Working Class Unrest
Diary entry for 9 June 1842 (Ne 2 F 6/1, pp.240-241)
I have hardly had time to do all my matters at Clumber but tho' [sic] rather incompletely done I hurried away at 1/2 past 1 & reached the station at Nottingham in good time to go by the 1/2 past 4 train - Having some time to spare I looked about me in the neighbourhood of the station & conversed with several people that I met - in particular with a man who told me that he was a stockinger out of work - that the greatest distress prevailed, that the people were Starving [,] that the hosiers were still reducing their wages, & that he did not know what would be the end of it - He supposed that the object was to drive the people into a revolution, that both parties were alike & that between them the object intention was to crush the poor man = His last wages were 15s a week - out of this he had to pay 9s a week for frame rent, 2s 6 for house rent & 8d 1/2 for needles leaving him the remainder to live upon - he said it was worse than nothing - I knew what he meant but I asked him why - He said because then he must go to the Bastile [sic] [i.e. the workhouse] which would be something better tho’ [sic] not much - He abhorred the Bastile [sic] - it is evident that there is a settled feeling amongst them that they will be driven into commotion - indeed poor wretches I know not what they are to do or what we can or are to do for them. I am so poor that I must reduce my labourers & that must tend to encrease [sic] the general distress -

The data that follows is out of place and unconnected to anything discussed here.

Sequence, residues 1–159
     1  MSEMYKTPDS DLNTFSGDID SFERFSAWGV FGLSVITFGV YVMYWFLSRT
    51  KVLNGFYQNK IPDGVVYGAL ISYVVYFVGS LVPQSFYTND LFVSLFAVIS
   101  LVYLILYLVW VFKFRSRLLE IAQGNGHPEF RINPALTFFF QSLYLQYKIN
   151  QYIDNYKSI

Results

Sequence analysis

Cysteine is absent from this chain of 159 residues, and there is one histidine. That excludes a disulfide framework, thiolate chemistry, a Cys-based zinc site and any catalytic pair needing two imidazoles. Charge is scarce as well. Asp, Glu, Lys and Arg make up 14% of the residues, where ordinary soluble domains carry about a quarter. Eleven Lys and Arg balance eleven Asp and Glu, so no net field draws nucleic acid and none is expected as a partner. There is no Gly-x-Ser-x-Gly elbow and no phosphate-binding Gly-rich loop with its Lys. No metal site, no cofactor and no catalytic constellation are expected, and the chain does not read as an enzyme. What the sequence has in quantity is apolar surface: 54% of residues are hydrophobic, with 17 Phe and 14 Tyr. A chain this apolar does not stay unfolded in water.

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Throughout his life, Newcastle was constantly on his guard against signs of popular disaffection amongst members of the labouring population and was keen to discover their underlying cause.
This conversation (described in entry for 9 June 1842 [Ne 2 F 6/1, pp.240-241]) with an anonymous man at Nottingham station gives an interesting insight in to the nature of these grievances and the way in which political, social and economic difficulties were related to one another.
There are clear references to the state of distress caused by the low rate of wages and the high rate of outlay required in order to live, eat and work. At the same time, the worst possible light is cast upon the motives of the two main political parties (the Whig/Liberals and Tory/Conservatives).
After the 1834 Poor Law Amendment Act, the worst fate possible for a labourer was to enter the Workhouse (popularly criticized as ‘Bastilles’ or prisons). Newcastle reflects that his own difficult financial circumstances have forced him, indirectly, to add to the current economic distress through reducing the number of labourers employed on his estates.
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